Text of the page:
To the Editor:

The Berne Library trustees would like to thank everyone who took the time to participate in the community survey for long range planning for our library. The results are on the Berne Library website

To the Editor:

Stewart’s Stores has asked to expand its footprint so it can ruin the perfect set up we have now.  Similar in size to Route 20, Stewart’s want to expand by removing a valuable and important property so it can double its gas sales and provide more seating.

Let’s review this request for its pros and cons.

To the Editor:

Stewart’s recently submitted plans, for a building addition, to the village of Altamont.  Upon this submission, the planning board rightfully requested that Stewart’s “knock the building down and start over” and we completely agree.

To the Editor:

As a member of the Altamont Comprehensive Plan Task Force, which received public input and was adopted by the village board to set the vision for the future of Altamont, I have to wonder whether the proposed expansion of Stewart’s into the surrounding community complies with this vision.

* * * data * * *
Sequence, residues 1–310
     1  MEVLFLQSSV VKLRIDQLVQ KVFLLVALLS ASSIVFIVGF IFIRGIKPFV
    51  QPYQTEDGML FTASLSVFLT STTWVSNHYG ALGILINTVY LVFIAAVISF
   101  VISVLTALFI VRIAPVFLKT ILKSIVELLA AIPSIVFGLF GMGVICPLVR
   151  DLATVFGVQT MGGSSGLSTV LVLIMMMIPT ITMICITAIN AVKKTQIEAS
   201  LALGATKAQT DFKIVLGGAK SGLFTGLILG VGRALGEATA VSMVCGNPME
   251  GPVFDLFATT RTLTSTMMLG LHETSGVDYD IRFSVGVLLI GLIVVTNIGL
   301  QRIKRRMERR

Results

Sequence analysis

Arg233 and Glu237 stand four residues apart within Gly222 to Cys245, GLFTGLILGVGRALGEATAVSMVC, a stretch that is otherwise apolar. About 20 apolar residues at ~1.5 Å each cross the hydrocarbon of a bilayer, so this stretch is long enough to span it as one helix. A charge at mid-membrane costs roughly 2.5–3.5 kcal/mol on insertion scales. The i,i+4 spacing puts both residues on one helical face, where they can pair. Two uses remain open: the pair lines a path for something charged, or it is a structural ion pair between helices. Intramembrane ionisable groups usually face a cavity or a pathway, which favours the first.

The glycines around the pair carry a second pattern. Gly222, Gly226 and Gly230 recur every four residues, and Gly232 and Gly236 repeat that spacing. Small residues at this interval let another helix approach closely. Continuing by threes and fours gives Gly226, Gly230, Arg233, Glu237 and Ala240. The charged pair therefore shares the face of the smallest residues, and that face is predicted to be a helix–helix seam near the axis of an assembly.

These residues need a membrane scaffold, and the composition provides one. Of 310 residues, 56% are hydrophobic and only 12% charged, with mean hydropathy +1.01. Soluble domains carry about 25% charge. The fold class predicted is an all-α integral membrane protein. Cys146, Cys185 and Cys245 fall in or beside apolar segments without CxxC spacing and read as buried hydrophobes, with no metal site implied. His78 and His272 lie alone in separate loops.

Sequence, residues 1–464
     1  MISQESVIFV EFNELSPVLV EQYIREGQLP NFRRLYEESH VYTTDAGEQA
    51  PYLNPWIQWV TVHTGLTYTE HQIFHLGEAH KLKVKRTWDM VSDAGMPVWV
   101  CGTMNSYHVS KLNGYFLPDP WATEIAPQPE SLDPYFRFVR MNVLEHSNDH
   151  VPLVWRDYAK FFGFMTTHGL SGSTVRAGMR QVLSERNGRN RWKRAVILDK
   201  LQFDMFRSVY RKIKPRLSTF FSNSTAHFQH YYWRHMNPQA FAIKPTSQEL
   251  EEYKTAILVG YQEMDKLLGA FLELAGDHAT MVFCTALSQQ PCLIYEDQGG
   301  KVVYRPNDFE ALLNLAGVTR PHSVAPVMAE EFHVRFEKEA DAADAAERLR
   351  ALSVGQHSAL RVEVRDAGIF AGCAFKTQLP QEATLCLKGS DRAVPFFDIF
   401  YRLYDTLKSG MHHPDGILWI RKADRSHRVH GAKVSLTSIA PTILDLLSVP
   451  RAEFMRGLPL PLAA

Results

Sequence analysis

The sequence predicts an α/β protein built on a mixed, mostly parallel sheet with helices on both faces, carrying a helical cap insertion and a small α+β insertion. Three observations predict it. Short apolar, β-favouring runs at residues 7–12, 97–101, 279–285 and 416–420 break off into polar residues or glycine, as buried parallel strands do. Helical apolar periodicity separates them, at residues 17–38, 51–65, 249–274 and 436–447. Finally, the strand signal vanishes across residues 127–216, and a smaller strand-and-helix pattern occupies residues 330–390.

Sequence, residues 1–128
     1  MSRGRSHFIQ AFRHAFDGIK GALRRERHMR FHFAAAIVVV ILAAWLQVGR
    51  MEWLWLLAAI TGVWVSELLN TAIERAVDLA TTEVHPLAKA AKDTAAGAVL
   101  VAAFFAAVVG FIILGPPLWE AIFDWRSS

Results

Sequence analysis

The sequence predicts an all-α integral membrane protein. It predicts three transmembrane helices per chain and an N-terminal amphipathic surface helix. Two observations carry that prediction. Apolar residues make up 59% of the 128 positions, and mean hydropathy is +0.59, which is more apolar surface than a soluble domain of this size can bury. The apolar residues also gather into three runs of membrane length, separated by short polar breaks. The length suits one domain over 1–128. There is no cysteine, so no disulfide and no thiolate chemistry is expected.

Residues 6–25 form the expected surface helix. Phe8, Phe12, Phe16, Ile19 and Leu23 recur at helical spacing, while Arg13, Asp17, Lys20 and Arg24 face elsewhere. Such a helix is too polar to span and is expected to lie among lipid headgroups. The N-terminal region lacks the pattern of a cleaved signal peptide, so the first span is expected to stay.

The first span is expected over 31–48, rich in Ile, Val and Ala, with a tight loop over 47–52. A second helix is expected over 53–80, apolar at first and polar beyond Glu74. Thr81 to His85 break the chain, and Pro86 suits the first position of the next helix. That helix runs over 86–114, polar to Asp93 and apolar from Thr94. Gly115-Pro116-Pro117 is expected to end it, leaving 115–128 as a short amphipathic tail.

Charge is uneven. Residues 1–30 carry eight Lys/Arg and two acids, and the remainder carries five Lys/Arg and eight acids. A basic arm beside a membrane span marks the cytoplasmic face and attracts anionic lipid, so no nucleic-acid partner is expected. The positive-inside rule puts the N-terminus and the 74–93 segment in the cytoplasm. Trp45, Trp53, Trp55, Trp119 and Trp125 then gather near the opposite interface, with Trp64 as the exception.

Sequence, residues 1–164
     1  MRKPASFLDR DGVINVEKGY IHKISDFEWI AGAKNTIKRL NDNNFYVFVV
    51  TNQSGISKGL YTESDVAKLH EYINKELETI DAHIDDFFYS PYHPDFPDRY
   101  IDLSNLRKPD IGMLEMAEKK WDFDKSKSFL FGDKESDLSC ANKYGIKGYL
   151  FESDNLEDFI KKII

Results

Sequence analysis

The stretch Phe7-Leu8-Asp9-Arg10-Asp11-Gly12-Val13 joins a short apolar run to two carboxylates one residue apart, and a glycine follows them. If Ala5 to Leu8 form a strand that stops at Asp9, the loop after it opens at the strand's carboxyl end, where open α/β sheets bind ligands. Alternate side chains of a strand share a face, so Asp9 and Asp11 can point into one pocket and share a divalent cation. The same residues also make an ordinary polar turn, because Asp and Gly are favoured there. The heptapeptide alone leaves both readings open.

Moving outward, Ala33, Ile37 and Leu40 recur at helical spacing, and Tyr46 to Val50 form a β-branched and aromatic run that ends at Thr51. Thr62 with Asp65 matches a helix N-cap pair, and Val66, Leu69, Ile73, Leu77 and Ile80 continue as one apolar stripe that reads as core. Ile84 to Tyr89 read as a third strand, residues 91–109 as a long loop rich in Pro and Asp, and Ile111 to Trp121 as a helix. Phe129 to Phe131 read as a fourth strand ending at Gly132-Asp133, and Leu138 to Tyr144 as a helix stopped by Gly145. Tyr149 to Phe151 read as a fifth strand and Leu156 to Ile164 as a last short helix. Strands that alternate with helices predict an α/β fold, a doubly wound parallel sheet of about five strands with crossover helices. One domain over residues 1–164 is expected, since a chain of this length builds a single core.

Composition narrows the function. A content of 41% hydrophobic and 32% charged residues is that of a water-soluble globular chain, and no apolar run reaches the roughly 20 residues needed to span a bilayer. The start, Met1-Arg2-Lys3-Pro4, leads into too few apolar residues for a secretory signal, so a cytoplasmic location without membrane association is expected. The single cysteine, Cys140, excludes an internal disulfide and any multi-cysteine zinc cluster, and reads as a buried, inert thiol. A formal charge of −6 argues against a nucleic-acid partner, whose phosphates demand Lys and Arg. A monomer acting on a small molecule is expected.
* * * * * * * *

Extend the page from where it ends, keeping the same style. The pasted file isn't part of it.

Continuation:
Proposals were presented for planning at Voorheesville's "triangle" of Grove Street, Main Street, and Voorheesville Avenue, but a draft master plan won't be submitted until closer to the end of April.

Planning boards are a good and necessary part of town government. But they must work efficiently if they are to be effective and fair to the citizens they are meant to serve.

About 30 people at the February town board meeting spoke in support of Hitmans Towing, a business that has been cited for operating a business in a residential district. Several speakers wanted the board to change the zoning ordinance to accommodate the business.

Throughout the year, the town's close supervisor race was run amid designs to zone areas in the town for businesses and a long wait for postal services to return to the hamlet.

GUILDERLAND — The area’s retail giant wants to grow a little more.

Crossgates Mall is looking to amend its special-use permit to add a 20,000-square-foot, two-story addition and a total of 2,100 square feet of leasable space to the 1.3 million square feet of retail space it already has.

What's old is new again. Walkable communities, where businesses and homes are clustered together, can thrive again with proper zoning. The Knox Town board should approve a business district in the hamlet.


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